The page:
Tuesday, October 9

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Dealing with marriage pressure as a Black woman

by Rachael the Lord



My fingers were fumbling over thick piles of paper, momentarily bringing my index finger or thumb to my tongue to wet the pages, making them easier to separate, before trying to count through endless piles of papers that needed to be filed when my co-worker at the time asked, “Do you ever feel pressured to get married?”

The corners of my lips tugged at a smile before responding, “Yes. Is that even a question?”


We both laughed at how ridiculous her question was.

Funny, right? I guess sometimes it is, but many times it isn’t.

I grew up in a very Christian household and was doused in Christian culture where marriage was deemed something that every woman should aspire to.

The pressure of getting married was always thrown on the backs of women in the church. At youth group gatherings, especially as a teenager, we had to sit and listen at how amazing marriage is and how we are to wait until god sends us (women) our spouses.

Amazing how fervent churches preach about how marriage is a necessity and something to aspire to when many divorces were happening in the church and many people are blatantly unhappy with their marriages.

I remember attending a Christian college the first half of my undergraduate career and hearing my peers say they make Pinterest boards of their marriages.

I’m not judging you, I promise, but I’ve noticed that as women we place our identities in marriage because society teaches women that their price goes up when they get married.

Can we deconstruct this? Marriage is a legal union of two people — keyword here is legal. Marriage can be a lot more important than describing if we are going to serve shrimp or smoked salmon at a wedding, especially when children are involved.

Marriage can be really beautiful, hopeful and full of joy, but the law recognizes it as a way to share a number of components like: taxes, child support, property, assets, etc.

I’m not sure why we weren’t taught that in these youth group gatherings but I sure wish we had.

One of my qualms with the church is that we do not give the full story, we paint everything as if it’s going to be perfect with God. Marriage, as I remember, was painted as this partnership ordained by God and that this path was the only path, especially for women to be happy.

Actually, as I write this my heart grows heavy because I remember sitting in my dorm room praying for a husband as if a husband was the thing to make me feel whole.

I often have conversations with various women about marriage, many of whom know that I have been in a relationship for two and half years now, and scoff when I say we do not have many conversations about marriage.

Marriage is not the first thing on my mind. When we first started dating we knew for whatever purpose and power of the universe that we are supposed to be together and that we loved each other very deeply, but not once have I said that we need to be together because we are supposed to be married.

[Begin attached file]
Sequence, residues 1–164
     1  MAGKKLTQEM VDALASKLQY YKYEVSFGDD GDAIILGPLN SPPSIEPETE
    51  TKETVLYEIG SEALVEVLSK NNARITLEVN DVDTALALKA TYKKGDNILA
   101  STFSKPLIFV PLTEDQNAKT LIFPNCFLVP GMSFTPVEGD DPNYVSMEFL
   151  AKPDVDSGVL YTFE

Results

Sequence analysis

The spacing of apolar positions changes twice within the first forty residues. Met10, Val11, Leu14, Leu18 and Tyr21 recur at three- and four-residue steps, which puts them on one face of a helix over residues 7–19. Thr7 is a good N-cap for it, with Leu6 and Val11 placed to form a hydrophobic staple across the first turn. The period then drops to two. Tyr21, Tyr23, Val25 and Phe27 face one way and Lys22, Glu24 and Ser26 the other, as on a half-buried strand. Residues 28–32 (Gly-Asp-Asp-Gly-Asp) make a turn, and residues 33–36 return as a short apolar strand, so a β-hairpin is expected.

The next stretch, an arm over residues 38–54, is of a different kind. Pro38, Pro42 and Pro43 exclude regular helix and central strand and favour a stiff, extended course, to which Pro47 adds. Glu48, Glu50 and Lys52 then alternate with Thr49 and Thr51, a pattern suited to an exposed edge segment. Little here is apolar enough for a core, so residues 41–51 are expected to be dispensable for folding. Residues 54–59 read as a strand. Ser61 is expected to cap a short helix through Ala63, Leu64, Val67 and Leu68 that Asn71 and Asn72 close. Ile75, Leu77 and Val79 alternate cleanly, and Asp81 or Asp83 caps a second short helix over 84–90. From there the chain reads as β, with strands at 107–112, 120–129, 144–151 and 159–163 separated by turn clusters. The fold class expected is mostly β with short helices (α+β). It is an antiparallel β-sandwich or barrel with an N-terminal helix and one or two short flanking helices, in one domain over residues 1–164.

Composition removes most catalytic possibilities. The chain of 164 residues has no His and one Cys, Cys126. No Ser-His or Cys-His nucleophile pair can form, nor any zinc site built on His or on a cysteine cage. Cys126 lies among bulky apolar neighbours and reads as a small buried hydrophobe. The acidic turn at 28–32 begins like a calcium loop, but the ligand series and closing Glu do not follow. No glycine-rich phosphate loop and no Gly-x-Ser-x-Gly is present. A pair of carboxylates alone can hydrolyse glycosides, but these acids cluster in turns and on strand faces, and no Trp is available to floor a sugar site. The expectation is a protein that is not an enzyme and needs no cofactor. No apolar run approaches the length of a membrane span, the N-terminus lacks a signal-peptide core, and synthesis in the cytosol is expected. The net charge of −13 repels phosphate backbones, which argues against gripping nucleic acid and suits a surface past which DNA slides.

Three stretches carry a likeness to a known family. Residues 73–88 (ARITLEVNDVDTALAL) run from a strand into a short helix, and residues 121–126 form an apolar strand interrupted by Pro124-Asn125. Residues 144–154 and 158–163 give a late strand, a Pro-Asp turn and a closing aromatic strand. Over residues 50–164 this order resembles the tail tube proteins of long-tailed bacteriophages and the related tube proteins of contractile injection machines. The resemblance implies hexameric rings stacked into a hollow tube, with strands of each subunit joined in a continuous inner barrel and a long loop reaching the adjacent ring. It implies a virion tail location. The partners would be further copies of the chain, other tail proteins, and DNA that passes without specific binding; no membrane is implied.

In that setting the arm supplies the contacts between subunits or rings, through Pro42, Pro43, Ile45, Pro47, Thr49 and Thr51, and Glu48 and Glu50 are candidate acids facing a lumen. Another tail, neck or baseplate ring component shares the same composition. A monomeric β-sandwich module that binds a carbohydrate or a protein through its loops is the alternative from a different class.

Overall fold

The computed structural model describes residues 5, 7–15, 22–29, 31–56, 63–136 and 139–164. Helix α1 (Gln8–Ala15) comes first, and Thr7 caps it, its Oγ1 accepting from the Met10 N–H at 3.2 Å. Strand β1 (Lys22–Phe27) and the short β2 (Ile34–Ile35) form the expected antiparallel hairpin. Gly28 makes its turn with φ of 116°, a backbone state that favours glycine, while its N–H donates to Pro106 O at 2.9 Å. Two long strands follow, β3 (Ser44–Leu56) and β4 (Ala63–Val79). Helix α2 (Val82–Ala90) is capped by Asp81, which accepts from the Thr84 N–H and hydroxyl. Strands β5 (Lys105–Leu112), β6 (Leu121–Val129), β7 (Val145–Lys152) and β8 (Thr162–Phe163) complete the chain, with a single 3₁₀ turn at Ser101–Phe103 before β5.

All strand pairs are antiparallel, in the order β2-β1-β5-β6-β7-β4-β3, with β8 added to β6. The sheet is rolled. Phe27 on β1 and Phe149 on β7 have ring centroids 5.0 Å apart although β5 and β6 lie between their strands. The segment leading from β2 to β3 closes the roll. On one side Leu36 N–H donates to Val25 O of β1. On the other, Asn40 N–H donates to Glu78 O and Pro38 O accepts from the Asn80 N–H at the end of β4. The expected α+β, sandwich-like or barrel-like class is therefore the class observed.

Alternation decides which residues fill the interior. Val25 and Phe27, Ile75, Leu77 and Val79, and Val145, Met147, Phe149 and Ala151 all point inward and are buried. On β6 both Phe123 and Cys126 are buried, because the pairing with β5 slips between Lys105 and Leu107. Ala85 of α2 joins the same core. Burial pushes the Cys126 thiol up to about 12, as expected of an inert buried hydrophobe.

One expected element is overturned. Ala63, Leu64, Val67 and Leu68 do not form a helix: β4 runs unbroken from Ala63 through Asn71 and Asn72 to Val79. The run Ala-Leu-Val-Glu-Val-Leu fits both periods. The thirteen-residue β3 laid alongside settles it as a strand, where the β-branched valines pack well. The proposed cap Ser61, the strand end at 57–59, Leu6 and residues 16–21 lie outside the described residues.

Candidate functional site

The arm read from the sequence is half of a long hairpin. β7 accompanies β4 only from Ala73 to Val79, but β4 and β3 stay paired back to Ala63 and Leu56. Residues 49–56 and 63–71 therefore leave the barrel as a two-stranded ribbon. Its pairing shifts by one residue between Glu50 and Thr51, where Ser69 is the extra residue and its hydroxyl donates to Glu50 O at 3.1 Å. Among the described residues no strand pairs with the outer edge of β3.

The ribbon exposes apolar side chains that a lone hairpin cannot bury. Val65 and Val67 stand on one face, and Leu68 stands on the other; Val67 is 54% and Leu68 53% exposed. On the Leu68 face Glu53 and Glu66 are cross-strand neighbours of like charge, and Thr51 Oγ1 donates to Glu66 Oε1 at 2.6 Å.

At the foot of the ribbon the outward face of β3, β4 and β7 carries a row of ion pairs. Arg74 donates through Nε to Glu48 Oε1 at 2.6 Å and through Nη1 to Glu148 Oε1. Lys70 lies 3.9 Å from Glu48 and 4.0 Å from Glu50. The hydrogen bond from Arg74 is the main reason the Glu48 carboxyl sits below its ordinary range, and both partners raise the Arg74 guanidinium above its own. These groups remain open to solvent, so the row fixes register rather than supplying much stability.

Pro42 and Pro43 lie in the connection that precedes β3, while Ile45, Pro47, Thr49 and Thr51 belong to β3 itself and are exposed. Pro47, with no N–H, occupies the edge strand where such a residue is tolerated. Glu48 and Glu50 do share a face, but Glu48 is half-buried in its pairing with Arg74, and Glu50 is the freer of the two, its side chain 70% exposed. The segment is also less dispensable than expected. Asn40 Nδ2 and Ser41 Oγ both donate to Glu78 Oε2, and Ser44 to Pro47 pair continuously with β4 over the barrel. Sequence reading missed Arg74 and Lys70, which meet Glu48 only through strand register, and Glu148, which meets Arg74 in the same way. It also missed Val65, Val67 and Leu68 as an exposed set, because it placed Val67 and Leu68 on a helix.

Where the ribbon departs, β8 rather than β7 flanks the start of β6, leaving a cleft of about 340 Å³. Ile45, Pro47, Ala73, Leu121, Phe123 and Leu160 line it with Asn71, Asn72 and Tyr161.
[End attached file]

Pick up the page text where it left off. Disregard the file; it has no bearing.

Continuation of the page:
I’m not saying I do not want to be married, or that marriage isn’t beautiful. In many relationships, marriage is a testament to what true love looks like. It’s more than pleasant to see couples work through the wiles that life throws at them and come out covered in debris still loving each other - that’s a phenomenon.

However, society and religious traditions pressure women into centering marriage as a part of our identities. This is what I came here to challenge.

My identity does not start and begin with marriage. I will not act as a byproduct of my spouses’ happiness or pleasure for the sake of garnering false value.

I will not sacrifice my career or life goals because you think I should bind myself to marriage. We also have to recognize the sexist overtones that accompany telling women to get married.

What you are saying is that a woman has no worth outside of being married to a man.

Women are not mules and many millennial women are beginning to understand that the choice is theirs. If a woman chooses to marry, so be it. If a woman chooses not to marry, so be it.

As I get older and see my friends getting married and beginning a new verse in their lives, I have to admit that the pressure to force these conversations into my space draws nigh.

As I get older, the possibility (or not) of having children with this man grows nigh but I try my hardest to allow this to be my decision and my decision only.

Marriage is not like choosing which outfit I’m going to wear the next day; it can make or break me. Marriage can build me up or tear me the hell down.

Society needs to make vigorous strides to allow women to feel protected in their choice to marry or not marry. Society needs to make it a priority to not pressure women or hypnotize us to believe that our worth begins and ends in marriage.

Quit making fun of women who you see are older and not married, and thinking they have failed because they have not married. Your marriage may be an accomplishment for you, but it is not an accomplishment for others.

I’m 23 and I’ve been in a relationship with the same guy for two and half years. I’m very happy. I’m not ruling marriage out but I’m also not prioritizing it — I have dreams and goals that I think about before all of that.

The marriage ring does not rule them all.

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Rachael is a writer. Find her on rachaelthelord.com.

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